How to understand these simple positions?
I can only understand few things about this position.
For white side:
Queen side pawn majority so he can only get a passed pawn in the queen side.
Kingisde majority so he can only get passed pawn in kingside.
Both players have active pieces?
How to make plans in these kinds of equal positions?
Here ideas are not forced so is it good to make solid moves like trading queens so we will be able to activate our kings and hope for passed pawn?
In my non GM opinion, this position is far from equal. White pieces are far more active then blacks pieces(The Bishops are a great example of this). White also has a large space advantage. White should not be looking to trade pieces here, that will only help black defend. If I was playing white, I would be looking to control the c5 square to prevent the black c pawn from advancing, I would start by moving the knight from f2 to d3 . I dont mind black capturing the b pawn leaving himself a permanent weakness in the d pawn.
I am sure there is a ton to learn from this position. Being mindful of your endgame advantages/disadvantages is always a good thing, but being aware doesn't mean you should always be looking to trade down. Use it as an ace in the hole so to speak.
I hope this helps, and please if anyone else has a different opinion, please help me fix mine!
Edit: The picture has changed and my comments are no longer relevant.
OH sory posted a wrong picture
If it was White to move, I would play Qxf7 and checkmate Black's king. However, that is probably not the case. In this position, if Black decides to trades the queens, this will only favor White in the endgame because White has the queenside pawn majority allowing White to create a passed pawn. The kingside pawn majority is not so important because the kings are on the kingside. However, the rook endgame is probably a draw with the most accurate play.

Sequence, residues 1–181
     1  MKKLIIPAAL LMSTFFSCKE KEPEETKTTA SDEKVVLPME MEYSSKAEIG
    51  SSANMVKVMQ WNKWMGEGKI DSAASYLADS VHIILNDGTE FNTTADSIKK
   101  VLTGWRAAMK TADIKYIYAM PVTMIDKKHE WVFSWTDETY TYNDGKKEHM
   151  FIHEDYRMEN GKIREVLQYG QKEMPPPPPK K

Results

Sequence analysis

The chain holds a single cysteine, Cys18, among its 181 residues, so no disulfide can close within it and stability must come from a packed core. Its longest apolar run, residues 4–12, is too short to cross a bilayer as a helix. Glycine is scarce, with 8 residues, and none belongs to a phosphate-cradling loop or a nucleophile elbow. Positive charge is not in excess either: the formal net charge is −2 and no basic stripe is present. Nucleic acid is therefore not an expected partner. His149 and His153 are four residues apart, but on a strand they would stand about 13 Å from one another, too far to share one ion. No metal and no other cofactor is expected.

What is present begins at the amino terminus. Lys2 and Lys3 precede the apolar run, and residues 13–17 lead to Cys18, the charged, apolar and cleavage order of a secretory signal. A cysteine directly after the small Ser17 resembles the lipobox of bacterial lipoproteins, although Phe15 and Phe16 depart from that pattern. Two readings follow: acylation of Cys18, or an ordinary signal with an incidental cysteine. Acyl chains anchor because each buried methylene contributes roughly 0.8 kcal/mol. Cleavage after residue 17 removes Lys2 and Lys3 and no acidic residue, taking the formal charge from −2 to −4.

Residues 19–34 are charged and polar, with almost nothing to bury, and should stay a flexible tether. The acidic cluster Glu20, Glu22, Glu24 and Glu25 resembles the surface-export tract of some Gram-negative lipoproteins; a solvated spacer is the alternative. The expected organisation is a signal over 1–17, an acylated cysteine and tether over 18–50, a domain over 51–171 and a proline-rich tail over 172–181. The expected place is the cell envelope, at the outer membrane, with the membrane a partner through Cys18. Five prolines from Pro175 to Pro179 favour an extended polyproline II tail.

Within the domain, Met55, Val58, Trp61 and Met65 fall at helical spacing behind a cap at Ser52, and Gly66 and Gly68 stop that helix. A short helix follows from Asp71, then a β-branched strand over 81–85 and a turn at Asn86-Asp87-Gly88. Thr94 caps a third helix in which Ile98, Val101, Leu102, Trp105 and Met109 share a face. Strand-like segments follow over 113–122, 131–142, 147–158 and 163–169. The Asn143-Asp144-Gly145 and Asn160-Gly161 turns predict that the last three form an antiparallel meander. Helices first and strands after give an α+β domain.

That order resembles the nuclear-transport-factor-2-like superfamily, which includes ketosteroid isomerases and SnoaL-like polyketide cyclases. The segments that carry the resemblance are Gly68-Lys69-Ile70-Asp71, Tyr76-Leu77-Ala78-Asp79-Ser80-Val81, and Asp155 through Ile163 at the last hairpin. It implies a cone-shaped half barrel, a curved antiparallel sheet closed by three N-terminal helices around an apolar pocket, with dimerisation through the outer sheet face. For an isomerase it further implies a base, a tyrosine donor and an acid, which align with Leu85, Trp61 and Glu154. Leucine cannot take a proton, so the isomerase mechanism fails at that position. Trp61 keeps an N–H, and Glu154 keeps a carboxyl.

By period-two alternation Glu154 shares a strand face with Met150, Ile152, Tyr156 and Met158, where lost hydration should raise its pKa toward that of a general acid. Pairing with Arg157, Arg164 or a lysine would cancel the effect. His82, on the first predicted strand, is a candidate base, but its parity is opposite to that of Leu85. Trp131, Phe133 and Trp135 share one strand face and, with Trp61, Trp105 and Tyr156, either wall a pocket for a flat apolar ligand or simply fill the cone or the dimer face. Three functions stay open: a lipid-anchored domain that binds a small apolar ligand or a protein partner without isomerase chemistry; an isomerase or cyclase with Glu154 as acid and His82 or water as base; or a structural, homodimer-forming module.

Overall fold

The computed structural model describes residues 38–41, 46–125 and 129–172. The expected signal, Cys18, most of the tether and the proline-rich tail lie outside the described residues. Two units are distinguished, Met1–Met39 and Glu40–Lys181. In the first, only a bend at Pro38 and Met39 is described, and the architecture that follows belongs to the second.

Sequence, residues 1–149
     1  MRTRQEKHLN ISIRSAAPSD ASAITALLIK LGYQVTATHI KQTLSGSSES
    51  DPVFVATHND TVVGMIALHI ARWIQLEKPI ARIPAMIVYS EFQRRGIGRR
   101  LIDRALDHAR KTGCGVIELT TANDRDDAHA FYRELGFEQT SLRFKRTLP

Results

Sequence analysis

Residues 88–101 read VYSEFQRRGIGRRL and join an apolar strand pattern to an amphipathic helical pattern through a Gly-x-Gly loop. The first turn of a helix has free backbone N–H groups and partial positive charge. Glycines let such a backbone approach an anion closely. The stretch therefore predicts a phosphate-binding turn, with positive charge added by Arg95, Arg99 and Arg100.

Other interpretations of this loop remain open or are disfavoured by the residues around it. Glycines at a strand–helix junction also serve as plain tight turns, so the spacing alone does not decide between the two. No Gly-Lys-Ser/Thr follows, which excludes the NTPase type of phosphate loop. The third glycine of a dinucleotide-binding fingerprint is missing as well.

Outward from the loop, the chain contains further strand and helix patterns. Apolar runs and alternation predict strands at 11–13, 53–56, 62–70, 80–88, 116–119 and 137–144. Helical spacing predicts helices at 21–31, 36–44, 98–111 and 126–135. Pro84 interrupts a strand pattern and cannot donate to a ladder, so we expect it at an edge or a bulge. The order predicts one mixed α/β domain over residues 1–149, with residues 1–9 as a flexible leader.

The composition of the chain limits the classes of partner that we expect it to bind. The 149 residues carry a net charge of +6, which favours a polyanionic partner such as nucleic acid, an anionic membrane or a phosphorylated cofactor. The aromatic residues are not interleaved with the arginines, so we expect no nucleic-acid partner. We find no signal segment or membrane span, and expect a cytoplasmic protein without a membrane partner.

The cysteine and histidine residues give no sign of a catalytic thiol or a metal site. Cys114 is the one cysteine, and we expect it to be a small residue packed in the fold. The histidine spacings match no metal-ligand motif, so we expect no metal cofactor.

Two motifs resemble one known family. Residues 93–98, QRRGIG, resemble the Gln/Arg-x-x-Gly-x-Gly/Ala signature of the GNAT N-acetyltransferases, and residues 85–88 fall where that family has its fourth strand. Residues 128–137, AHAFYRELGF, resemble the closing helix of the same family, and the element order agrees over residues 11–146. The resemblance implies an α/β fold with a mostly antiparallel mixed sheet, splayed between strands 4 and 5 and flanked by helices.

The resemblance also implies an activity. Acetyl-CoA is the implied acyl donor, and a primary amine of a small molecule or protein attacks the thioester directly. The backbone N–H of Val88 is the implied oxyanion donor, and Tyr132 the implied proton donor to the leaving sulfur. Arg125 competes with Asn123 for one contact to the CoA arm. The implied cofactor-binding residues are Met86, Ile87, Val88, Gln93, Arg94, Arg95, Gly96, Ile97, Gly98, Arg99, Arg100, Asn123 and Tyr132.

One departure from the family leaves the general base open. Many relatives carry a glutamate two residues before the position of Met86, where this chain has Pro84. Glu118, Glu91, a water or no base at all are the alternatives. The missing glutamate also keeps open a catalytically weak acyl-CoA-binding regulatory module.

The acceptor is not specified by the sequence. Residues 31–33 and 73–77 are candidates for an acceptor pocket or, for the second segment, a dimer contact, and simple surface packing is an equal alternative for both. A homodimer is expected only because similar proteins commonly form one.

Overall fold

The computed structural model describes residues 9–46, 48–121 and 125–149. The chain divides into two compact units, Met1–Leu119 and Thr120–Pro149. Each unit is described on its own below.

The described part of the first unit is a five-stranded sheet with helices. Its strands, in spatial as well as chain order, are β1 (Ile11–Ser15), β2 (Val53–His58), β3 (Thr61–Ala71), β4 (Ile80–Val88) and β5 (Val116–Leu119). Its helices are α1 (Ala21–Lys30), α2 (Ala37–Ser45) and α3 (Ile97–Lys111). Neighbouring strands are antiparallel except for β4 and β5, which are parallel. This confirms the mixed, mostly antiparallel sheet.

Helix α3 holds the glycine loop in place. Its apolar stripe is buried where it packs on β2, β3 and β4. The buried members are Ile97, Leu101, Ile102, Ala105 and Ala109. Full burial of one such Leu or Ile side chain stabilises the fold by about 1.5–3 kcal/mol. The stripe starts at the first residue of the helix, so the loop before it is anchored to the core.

If the endgame becomes a queen endgame, the position will become very drawish as White cannot shelter his king from oncoming checks and Black cannot create a passed pawn on the queenside.
If the endgame becomes a pawn endgame, this should favor White due to being able to create a passed pawn on the queenside which can act as a decoy as White brings the king to the kingside to capture all the pawns. However with accurate play, Black can neutralize White's play in the endgame into a draw
So in these types of endgames, it is important to improve the position and wait until the right time to trade pieces. Trying to transpose into a favorable endgame.
Basically ultimate plan is to create a passed pawn using our queenside majority. Black also has a majority but the problem is if he pushes it, the K becomes exposed. The most important factor in major piece endgame is King safety. So it will be much easier for white to use his majority. We can say white has advantage here for this reason. Also there is pressure F line and current backrank weaknesses.
At least this is my understanding of it..